FOX and LOVINS, JJ., dissenting.

Error to Circuit Court, Randolph County.

Action of ejectment by the West Virginia Pulp & Paper Company against J,

[21 S.E.2d 370]

Natwick & Company and others. Judgment for plaintiff, and defendants bring error.


E. A. Bowers and Henry Higginbotham, both of Elkins, and G. W. McCauley, of Moorefield, for plaintiffs in error.

B. M. Hoover and E. L. Maxwell, both of Elkins, for defendant in error.

RILEY, Judge.

In this action of ejectment the defendants, J. Natwick & Company, a corporation, and others prosecute error to a judgment of the Circuit Court of Randolph County, overruling their demurrer to the evidence, interposed after the introduction of all the evidence, and entering judgment on a conditional verdict for the plaintiff, West Virginia Pulp & Paper Company, a corporation.

Guiding the appraisement of this case are several well-established principles of law, applicable to every ejectment case in which the defendant demurs to the evidence. Upon such demurrer all reasonable inferences from all the evidence introduced at the trial should be considered by the court in favor of the demurree, but, if demurrant's evidence on a decisive point conflicts with that of demurree and plainly and decidedly predominates in demurrant's favor, the demurrer should be sustained and judgment rendered thereon for demurrant. Conner v. Jarrett, 120 W.Va. 633, pt. 3, Syl., 200 S.E. 39; Bluefieid Milling Co. v. Western Union Tel. Co, 104 W.Va. 150, 139 S.E. 638, 55 A.L.R. 636; Miller v. Johnson, 79 W.Va. 198, 90 S.E. 677; Barrett v. Raleigh Coal & Coke Co, 55 W. Va. 395, 47 S.E. 154; Bowman v. Dewing & Sons, 50 W.Va. 445, 40 S.E. 576; Mapel v. John, 42 W.Va. 30, 24 S.E. 608, 32 L. R.A. 800, 57 Am.St.Rep. 839. Notwithstanding a demurrer to the evidence, the burden of proving title and locating land in an ejectment case rests on the plaintiff. Conner v. Jarrett, supra, 120 W.Va. page 640, 200 S.E. 39; Rock House Fork Land Co. v. Gray, 73 W.Va. 503, 80 S.E. 821; Bowman v. Dewing & Sons, supra. In sustaining this burden of proof, a plaintiff in ejectment who relies upon title and not adverse possession must recover on the strength of his own title and not upon the weakness of that of defendant. Conner v. Jarrett, supra; Wm. James Sons Co. v. Hutchinson, 73 W.Va. 488, 80 S.E. 768, Taylor v. Russell, 65 W.Va. 632, 64 S.E. 923; Wade v. McDougle, 59 W.Va. 113, 52 S.E. 1026.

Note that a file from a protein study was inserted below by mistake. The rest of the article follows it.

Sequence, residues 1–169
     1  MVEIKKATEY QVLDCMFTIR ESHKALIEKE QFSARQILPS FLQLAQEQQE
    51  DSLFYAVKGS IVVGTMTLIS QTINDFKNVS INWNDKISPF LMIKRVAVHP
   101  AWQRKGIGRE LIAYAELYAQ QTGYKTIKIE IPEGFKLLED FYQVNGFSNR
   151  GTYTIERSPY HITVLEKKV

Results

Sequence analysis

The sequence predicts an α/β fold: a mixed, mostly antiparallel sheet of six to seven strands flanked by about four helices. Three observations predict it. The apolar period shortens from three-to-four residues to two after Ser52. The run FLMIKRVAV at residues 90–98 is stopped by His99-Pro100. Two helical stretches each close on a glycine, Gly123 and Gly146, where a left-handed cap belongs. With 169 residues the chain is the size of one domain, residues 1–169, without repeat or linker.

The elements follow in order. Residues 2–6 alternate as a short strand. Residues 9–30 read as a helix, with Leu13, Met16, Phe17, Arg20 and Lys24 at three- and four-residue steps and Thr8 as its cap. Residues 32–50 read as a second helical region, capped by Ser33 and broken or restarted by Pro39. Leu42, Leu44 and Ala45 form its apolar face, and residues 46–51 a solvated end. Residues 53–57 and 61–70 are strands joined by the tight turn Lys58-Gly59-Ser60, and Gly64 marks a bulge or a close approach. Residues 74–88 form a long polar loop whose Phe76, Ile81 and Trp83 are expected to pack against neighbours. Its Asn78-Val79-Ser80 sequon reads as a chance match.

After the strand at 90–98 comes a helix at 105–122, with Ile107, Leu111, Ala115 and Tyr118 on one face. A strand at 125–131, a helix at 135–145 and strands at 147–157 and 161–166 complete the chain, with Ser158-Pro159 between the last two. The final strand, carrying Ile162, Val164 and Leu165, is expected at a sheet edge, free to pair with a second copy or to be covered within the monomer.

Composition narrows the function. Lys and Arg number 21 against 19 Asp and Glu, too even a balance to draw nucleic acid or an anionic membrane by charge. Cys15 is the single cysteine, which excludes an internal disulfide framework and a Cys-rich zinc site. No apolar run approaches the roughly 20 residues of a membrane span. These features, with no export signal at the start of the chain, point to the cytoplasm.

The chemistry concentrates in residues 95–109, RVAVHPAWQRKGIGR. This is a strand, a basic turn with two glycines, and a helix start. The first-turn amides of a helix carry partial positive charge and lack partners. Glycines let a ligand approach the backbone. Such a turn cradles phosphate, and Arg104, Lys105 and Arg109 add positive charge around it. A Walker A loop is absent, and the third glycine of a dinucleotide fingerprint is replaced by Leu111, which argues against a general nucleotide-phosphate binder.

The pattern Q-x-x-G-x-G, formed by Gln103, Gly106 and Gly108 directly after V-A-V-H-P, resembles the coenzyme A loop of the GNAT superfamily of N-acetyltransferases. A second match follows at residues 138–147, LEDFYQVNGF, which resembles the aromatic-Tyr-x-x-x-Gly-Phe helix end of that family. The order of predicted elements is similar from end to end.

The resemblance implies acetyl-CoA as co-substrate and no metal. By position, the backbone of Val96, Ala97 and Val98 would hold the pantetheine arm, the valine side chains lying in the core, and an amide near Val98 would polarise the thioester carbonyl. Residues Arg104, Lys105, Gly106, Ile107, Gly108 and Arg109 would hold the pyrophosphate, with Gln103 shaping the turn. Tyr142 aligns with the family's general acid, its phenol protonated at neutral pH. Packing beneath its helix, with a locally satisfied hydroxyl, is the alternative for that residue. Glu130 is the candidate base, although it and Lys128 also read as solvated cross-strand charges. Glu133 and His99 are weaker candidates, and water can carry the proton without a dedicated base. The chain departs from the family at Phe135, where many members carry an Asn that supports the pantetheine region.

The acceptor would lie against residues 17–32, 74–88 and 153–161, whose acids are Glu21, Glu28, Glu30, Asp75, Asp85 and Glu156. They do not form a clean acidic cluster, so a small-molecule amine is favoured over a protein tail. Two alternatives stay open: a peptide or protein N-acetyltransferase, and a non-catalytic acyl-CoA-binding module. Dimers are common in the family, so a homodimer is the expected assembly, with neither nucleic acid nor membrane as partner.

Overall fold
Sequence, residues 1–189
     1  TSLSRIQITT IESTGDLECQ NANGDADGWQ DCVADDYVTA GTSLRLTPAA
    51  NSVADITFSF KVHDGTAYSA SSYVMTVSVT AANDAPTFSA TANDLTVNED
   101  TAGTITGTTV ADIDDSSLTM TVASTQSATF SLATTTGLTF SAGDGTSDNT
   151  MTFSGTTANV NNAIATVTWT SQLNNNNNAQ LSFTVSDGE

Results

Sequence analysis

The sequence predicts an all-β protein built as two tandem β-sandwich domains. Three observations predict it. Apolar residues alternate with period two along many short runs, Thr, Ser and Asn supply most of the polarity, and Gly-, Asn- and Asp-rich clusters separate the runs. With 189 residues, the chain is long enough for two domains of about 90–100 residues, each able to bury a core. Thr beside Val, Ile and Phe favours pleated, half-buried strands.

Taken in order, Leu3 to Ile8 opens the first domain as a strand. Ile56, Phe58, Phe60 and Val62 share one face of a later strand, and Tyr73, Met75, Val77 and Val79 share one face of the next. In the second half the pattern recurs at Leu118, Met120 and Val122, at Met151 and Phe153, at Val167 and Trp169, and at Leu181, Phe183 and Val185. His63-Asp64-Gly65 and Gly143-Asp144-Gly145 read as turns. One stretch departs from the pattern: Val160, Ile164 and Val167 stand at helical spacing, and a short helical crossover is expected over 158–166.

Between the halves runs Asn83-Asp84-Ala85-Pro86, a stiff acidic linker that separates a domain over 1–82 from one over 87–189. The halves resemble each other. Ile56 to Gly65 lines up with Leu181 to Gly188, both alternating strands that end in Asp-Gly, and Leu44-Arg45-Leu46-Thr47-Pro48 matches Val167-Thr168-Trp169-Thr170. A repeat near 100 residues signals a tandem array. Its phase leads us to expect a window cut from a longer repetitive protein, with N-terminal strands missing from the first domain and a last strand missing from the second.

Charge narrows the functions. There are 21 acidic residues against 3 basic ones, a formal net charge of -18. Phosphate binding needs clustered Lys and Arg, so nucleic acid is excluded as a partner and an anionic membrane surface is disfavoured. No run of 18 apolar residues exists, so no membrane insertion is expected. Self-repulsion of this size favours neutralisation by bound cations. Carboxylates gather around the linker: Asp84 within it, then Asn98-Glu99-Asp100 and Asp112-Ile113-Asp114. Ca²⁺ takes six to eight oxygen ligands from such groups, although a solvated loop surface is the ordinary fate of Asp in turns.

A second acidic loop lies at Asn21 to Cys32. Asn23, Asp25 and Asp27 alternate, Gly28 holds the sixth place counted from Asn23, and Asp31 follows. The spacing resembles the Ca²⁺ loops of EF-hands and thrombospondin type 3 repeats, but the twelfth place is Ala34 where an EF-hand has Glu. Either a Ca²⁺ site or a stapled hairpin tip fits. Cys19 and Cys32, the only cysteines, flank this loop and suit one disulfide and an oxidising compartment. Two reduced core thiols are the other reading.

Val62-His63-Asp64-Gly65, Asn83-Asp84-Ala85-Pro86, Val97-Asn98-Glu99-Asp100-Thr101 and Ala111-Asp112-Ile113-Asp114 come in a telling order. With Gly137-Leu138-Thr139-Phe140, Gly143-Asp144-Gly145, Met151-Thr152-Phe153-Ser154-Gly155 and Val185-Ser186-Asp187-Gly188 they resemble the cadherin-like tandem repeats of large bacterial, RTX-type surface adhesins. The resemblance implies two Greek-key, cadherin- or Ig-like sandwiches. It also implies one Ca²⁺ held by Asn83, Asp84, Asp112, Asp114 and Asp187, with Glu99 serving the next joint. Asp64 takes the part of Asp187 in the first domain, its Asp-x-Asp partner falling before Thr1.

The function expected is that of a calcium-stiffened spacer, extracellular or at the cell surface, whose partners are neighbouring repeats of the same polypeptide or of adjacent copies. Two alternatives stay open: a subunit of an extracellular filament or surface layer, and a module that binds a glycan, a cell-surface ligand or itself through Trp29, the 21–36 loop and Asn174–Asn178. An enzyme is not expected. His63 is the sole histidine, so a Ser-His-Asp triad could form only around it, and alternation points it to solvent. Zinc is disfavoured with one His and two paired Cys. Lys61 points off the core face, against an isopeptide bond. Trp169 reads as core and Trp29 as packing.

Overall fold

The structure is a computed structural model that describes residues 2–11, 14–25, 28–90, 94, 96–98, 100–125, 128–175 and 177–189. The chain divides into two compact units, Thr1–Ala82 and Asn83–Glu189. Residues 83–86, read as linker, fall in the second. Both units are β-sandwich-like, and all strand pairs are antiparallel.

Plaintiff claims that its title to the property involved originated under a grant dated February 22, 1799, from the Commonwealth of Virginia to Bowler Cocke of two thousand acres ef land, surveyed for Simon Nathan, December 10, 1787, and referred to in later conveyances as Lot No. 12; that this tract, together with other tracts in the Nathan survey, having been returned delinquent for taxes in the name of Cocke, was conveyed to Richard W. Barton by John W. Crawford, Clerk of the County Court of Randolph County, under a tax deed dated April 30, 1853; that the Crawford deed recites that the lands had been sold for taxes, delinquent in the name of Bowler Cocke, for the years 1832 to

1839, inclusive, and purchased in October